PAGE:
Freeholder Director Little expressed the importance of the County Health Department’s water sampling program stating: “The residents of Ocean County and all our visitors should be aware that we are vigorous in ensuring that our swimming beaches are clean and safe.” “Reports of beach closures elsewhere in the State naturally raise concern but Ocean County has for many years tested our swimming areas throughout the County continuously from before Memorial Day weekend to after Labor Day weekend so our residents and visitors can feel safe going into the water,” added Freeholder Director Little. Freeholder Joseph Vicari, liaison to tourism in Ocean County, expressed the importance of water sampling and publication of results: “Visitors to our many fine beaches and recreational areas deserve to know that Ocean County has a history of monitoring all our swimming areas for water safety and we are rigorous in insuring that our swimming areas are clean and safe.”
Public Health Coordinator Regenye explained that excessive rainfall does have the ability to impact water quality due to the natural runoff of water into some of the more local lakes and rivers and if testing results ever show less than acceptable results, such a swimming area would be temporarily closed for swimming and testing will continue daily until results demonstrate water quality safe for swimmers. “Public Health requires that we are vigilant in our efforts to make sure the public is protected by knowing that the water is safe before people jump in,” explained Regenye. “Last year over 450 inspections were conducted throughout Ocean County to insure safe swimming can be enjoyed by all residents and visitors,” added Regenye. “We are fortunate to have some of the best beaches and recreational swimming areas right here in Ocean County and we will remain vigilant and committed to protecting this natural treasure by continuously testing and monitoring throughout the summer,” concluded Freeholder Director Little.”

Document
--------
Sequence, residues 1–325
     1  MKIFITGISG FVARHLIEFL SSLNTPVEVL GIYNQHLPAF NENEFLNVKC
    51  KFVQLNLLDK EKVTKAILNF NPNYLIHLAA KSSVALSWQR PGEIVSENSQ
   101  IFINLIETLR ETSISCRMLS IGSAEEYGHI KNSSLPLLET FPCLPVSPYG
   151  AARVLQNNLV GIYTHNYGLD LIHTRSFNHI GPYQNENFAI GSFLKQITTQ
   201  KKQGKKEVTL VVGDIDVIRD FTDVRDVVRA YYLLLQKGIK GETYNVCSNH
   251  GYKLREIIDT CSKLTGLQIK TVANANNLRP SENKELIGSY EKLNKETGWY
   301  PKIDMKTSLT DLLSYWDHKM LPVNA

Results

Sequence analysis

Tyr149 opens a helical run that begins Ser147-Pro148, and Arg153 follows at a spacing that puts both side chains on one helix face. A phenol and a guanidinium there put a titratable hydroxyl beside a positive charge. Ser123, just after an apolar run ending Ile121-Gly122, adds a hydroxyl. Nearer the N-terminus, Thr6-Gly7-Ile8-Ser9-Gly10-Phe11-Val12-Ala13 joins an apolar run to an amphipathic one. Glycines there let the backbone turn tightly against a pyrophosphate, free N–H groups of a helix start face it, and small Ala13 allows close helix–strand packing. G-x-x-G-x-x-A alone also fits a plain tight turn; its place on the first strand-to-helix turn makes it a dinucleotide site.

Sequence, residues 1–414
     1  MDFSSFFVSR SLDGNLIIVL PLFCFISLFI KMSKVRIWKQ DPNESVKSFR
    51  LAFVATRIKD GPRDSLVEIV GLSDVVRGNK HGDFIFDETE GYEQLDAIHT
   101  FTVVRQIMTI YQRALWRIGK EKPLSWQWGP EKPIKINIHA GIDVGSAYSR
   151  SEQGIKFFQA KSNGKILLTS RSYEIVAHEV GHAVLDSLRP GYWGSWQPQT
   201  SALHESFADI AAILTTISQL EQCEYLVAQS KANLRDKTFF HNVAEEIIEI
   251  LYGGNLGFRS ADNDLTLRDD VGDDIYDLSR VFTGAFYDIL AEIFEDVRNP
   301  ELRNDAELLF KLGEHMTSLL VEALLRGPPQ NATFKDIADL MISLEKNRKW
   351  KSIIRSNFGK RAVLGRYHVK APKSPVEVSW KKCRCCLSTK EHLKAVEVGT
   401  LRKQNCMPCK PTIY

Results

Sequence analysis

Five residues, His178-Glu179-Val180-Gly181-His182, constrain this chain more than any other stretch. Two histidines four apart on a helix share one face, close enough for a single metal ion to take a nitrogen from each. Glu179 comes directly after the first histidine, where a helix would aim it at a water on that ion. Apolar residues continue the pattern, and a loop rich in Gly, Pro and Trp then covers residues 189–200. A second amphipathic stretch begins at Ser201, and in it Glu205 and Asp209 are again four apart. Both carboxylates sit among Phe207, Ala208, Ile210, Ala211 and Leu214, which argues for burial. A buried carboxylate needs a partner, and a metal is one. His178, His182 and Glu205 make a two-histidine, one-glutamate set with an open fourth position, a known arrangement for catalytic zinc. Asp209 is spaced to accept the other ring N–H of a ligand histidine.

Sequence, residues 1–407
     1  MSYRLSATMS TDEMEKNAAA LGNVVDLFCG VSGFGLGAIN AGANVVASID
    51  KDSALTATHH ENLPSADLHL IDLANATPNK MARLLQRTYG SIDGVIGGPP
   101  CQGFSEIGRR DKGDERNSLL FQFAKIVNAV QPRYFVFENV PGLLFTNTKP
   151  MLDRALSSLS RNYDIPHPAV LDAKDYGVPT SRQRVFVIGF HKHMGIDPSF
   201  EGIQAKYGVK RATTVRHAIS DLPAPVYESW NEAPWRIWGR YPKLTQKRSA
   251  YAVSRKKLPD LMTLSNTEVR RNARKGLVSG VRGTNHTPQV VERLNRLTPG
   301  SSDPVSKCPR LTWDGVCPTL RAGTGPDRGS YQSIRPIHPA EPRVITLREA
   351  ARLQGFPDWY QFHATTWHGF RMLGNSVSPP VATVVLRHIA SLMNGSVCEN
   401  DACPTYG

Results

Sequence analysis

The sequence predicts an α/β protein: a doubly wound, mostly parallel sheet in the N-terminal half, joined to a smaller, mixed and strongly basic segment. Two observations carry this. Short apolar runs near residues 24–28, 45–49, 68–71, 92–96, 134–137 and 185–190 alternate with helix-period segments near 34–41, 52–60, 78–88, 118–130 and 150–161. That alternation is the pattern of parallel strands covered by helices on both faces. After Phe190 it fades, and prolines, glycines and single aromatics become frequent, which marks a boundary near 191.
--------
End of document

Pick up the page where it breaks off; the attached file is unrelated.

Animal Welfare and Public Safety Advocates Applaud Senate Action to Restrict Possession of Dangerous Big Cats
Lions, tigers and other exotic felines are kept as pets, photo props and roadside zoo spectacles across the U.S.
WASHINGTON (June 5, 2018) – The Animal Welfare Institute, Big Cat Rescue, Born Free USA, the International Fund for Animal Welfare, The Humane Society of the United States and Humane Society Legislative Fund are celebrating the introduction of the Big Cat Public Safety Act (BCPSA) in the U.S. Senate.Championed by Senator Richard Blumenthal of Connecticut, the bill would ensure that unqualified individuals, including chronic animal abusers, are prohibited from obtaining and keeping dangerous big cats like tigers, lions, leopards and pumas.